That’s what I hear in those lyrics. Pleasant Valley is a good name.

    Here a similar piece:

    Joni Anderson (Mitchell) – Born to Take the Highway (1965)

    Notice also the same theme, the girl describing a peaceful, secure, happy childhood, who wants to take the first turn past the sun. This connects back to the Claire Berlinski essay on the hiatus of peace, security and general happiness that the West experienced after WWII.

    Joni Mitchell-Just Like Me (1966)

    What a beautiful, talented, and seemingly very sweet young woman she was.

  4. BTW, that’s an amazing and beautiful little clip you stumbled on there Lex. What an incredible talent she had. Thanks! I’ve never heard that before.

  5. Michael, agreed. It is amazing and beautiful. Popular music from about 1963-67 reached an incredible peak which we will never see again. It was one of America’s golden ages. I will resist the urge to write thousands of words on the topic in this comment.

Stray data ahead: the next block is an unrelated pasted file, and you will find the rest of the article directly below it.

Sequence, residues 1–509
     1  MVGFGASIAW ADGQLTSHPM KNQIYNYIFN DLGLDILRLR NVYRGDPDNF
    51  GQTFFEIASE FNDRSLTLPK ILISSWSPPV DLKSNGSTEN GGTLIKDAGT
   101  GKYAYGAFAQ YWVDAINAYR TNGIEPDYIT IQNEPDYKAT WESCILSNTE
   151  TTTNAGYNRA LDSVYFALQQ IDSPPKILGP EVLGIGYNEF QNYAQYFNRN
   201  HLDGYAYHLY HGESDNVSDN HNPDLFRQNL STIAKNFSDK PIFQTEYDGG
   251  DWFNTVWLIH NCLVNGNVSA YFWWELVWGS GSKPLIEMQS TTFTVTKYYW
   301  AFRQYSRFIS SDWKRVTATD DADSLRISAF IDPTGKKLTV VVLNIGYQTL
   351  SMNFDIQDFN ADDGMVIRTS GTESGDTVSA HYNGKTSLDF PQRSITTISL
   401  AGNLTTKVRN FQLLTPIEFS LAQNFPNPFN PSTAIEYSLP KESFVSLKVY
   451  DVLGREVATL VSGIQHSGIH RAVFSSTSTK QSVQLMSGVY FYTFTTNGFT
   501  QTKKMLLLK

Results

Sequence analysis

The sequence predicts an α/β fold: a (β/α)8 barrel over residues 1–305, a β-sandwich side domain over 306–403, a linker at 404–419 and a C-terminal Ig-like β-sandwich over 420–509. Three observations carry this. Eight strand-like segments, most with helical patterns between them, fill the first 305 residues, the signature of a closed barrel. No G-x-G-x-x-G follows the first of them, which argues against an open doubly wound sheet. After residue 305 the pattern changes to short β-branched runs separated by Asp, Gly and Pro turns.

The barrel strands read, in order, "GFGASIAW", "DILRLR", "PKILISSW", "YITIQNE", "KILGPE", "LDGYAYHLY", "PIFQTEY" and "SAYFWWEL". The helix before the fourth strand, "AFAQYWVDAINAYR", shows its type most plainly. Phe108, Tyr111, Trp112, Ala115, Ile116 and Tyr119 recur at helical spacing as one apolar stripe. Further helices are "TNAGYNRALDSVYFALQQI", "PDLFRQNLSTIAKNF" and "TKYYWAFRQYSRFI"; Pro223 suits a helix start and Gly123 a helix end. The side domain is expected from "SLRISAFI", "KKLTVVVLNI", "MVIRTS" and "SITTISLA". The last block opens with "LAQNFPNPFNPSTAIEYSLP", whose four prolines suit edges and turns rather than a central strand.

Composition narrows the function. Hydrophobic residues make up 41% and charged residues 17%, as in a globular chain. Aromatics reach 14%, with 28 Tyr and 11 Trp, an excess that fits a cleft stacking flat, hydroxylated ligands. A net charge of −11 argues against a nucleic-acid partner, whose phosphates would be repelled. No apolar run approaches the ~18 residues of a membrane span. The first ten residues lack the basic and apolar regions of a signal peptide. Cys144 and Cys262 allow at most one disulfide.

By the way, an excellent book on the era is Always Magic in the Air: The Bomp and Brilliance of the Brill Building Era. This book has the amazing fact that John Lennon and Paul McCartney in 1963 said Carole King and Jerry Goffin were their favorite songwriters, and of course the Beatles did a cover of Chains on their first album, which is a Goffin and King song.

  6. Also, on the naiveté of looking down on peaceful suburban life, Carole King was 24 years old when she wrote the song. At my advanced age, that seems like childhood. Plus, she had been living in Manhattan and in a high tempo existence as a writer of hit records. Then she and her husband moved out to suburban New Jersey, and it seemed boring. I’m sure it was. The suburbs are wasted on people without children, in a lot of ways. Nonetheless, people should know better, but they often don’t.